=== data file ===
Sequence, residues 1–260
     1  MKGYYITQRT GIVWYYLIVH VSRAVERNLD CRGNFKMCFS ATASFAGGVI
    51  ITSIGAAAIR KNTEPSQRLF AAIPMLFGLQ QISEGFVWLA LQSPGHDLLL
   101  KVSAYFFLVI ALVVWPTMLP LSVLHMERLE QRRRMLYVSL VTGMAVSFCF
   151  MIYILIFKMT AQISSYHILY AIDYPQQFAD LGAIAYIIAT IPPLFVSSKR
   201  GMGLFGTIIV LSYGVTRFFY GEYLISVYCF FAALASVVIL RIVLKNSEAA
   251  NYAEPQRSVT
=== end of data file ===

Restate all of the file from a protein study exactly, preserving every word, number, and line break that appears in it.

Sequence, residues 1–260
     1  MKGYYITQRT GIVWYYLIVH VSRAVERNLD CRGNFKMCFS ATASFAGGVI
    51  ITSIGAAAIR KNTEPSQRLF AAIPMLFGLQ QISEGFVWLA LQSPGHDLLL
   101  KVSAYFFLVI ALVVWPTMLP LSVLHMERLE QRRRMLYVSL VTGMAVSFCF
   151  MIYILIFKMT AQISSYHILY AIDYPQQFAD LGAIAYIIAT IPPLFVSSKR
   201  GMGLFGTIIV LSYGVTRFFY GEYLISVYCF FAALASVVIL RIVLKNSEAA
   251  NYAEPQRSVT